Golden-tinged yellow. White peach, green lime and glazed pineapple dominate the explosive aroma and flavour profiles, with a strong nuance of pomelo on the long aftertaste that is further complicated by a welcome honeyed note that toes ot all together. To me, and my idea of what great Gewurztraminer wines are all about (incredibly spicy and fruity but very well balanced) this is the best of the three Gewurz Eichebergs (the 19, 18 and 17) I tried from Hertz this year. Drinking window: 2022-2030
2019 Gewurztraminer Pfersigberg Alsace 90+
Bright yellow. Pure, perfumed nose offers yellow fruits, flowers, smoked meat and a hint of banana: if you cannot recognize this as Gewurztraminer when tasting blind, you need to change jobs. Then supple, broad and ripe, with very clean, rich yellow fruit and sweet spice flavours that are nicely persistent. These grapes are picked in the Ortel and Sundelberg sections of the Pfersigberg. Finishes long but a little too broad and too easy for my taste, showcasing less character and personality than the Eichberg Gewurzes. That said, this is a very good wine indeed, and so I have no doubts people will love its easygoing fruity charms, and I can see why that would be. Maybe I’m just being difficult, so I’ll shut up now. Drinking window: 2022-2028
2018 Gewurztraminer Pfersigberg Alsace 91
Bright yellow. Rich aromas of flowers, butter, lichee, and spices. Then also rich in the mouth, with an almost fat quality to the sweet and soft, with varietally accurate flavors of yellow fruits and spices. Bigger, broader and riper still than the 2019 Gewurztraminer Pfersigberg Alsace from Hertz, this finishes smooth with caramel and bitter orange jam reminders and more obvious residual sweetness than the 2019. Drinking window: 2022-2028
2018 Gewurztraminer Eichberg Vendanges Tardives Alsace 95
Bright yellow. Exotic aromas of grilled mango, grapefruit oil, honey, sweet pipe tobacco and nutmeg, with saline and candied lemon peel notes on the concentrated nose. Sweet, glyceral and suave, but with bracing acidity giving lift to the wine’s juicy tropical and orchard fruit flavors. The very long, fresh finish coats the palate with extract and viscosity. These grapes were picked appropriately late (in early October) so that it is a true VT, the grapes were only passerilé (air-dried directly on the vine) but is just splendid nonetheless. Drinking window: 2023-2035.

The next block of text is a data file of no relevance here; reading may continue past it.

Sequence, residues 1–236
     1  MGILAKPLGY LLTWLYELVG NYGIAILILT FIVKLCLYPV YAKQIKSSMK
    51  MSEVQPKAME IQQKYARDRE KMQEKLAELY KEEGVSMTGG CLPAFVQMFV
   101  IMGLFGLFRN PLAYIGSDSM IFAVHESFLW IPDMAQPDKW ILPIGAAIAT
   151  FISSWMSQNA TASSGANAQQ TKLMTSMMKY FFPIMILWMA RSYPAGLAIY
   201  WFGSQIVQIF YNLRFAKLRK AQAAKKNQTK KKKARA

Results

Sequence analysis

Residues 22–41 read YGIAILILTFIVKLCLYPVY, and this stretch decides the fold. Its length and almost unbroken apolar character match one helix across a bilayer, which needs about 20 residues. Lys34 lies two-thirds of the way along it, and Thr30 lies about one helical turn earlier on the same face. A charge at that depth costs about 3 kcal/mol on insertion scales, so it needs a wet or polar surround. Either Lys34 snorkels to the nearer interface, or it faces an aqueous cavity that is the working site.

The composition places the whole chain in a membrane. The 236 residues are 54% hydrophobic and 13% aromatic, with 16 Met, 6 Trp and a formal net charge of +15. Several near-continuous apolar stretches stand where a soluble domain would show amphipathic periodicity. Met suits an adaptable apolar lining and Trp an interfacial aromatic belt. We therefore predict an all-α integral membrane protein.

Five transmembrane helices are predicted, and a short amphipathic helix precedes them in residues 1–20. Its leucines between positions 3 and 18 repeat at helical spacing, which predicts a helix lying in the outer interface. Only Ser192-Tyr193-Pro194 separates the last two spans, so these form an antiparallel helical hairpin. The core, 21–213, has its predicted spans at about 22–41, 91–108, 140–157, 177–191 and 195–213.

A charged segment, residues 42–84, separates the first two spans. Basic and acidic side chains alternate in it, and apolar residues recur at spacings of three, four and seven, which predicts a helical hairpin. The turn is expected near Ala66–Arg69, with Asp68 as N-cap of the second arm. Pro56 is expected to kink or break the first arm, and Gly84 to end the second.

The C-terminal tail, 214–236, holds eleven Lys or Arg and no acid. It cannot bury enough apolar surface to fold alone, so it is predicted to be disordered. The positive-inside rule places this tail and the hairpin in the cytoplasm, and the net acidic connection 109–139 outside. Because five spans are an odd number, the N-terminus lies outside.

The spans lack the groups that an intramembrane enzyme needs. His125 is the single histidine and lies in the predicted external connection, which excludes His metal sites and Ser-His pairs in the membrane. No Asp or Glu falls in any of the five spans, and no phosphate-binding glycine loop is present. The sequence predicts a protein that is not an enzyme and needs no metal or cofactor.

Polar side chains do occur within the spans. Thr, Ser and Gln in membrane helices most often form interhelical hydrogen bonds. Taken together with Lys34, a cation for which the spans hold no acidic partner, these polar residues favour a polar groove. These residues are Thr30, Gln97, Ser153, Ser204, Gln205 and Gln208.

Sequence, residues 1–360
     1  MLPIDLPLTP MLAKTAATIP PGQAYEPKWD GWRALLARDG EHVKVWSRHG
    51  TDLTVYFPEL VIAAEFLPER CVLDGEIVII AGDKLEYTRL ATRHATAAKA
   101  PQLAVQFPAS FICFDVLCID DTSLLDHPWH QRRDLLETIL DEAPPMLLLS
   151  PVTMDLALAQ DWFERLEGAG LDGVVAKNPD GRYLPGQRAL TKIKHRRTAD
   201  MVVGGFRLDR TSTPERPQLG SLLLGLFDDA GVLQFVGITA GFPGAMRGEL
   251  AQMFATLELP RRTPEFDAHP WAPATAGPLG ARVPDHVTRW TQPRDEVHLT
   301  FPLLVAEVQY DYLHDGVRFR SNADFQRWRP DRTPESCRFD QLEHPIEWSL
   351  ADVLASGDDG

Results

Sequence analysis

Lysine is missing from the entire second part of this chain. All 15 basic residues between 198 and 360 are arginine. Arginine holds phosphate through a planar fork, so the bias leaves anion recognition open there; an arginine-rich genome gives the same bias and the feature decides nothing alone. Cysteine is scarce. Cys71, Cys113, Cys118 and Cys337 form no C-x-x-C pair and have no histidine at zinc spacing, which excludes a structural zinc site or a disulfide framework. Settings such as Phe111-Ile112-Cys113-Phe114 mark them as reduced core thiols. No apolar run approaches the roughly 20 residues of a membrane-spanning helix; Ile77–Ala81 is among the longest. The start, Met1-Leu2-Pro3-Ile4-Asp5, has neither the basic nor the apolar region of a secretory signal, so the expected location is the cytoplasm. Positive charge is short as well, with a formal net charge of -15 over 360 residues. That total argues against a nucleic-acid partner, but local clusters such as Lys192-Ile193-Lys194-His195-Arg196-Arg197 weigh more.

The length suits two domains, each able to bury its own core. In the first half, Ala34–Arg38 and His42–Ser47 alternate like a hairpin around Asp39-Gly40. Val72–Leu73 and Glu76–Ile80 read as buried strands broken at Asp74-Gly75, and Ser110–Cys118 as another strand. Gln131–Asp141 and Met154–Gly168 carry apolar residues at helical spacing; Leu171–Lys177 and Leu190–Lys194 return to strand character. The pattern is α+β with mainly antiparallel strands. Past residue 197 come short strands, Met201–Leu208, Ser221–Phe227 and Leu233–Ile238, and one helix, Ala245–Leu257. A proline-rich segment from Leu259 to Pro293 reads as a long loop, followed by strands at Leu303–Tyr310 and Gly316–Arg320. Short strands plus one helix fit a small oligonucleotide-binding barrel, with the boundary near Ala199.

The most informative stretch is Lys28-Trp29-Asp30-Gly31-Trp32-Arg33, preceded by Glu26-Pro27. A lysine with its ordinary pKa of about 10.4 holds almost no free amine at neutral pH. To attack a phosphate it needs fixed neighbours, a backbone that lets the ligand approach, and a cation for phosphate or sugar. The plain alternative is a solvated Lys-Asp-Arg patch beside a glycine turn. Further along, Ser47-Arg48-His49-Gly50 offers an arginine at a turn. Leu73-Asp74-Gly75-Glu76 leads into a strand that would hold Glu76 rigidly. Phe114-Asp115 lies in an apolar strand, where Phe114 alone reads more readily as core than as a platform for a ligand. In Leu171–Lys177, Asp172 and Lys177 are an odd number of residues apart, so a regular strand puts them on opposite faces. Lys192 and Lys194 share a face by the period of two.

Denis Hebinger had just bottled the 2019’s at the time of my visit so there was not much point in tasting them at the time, though of course had we known then that Covid would last and last we might have acted differently. Oh well, hindsight is always 20/20. Denis told me he is labeling more and more by villages, lieux dits and grand cru names. All his wines do a malo and stay for a long time on the lees. Readers might wat to take note that this was the best set of wines I have ever tried from Hebinger, an estate that has benefited greatly from the arrival of Denis on the scene as the quality of the wines has done nothing but go from strength to strength every year.
2018 Sylvaner Alsace 90
Crystalline straw-green. Mint and chamomile on the nose, then a stronger hint of almond in the mouth, but the orchard fruit and quince nets are pushed far into the background. Not bad, but I was left wishing for a little more complexity and concentration, though I can certainly appreciate this lovely wine’s easygoing charms. This will make for an uncomplicated aperitif and ideal summertime porch-side sipping. Planted in 1982 at the bottom of the Eichberg, the wine has a huge local following; only 1000 bottles/year are made, and it is all sold out every year very quickly. I cannot wait to try a Hebinger Sylvaner from another year soon, because I think there is a hugely promising wine. Drinking window: now-2023
2018 Muscat Alsace 94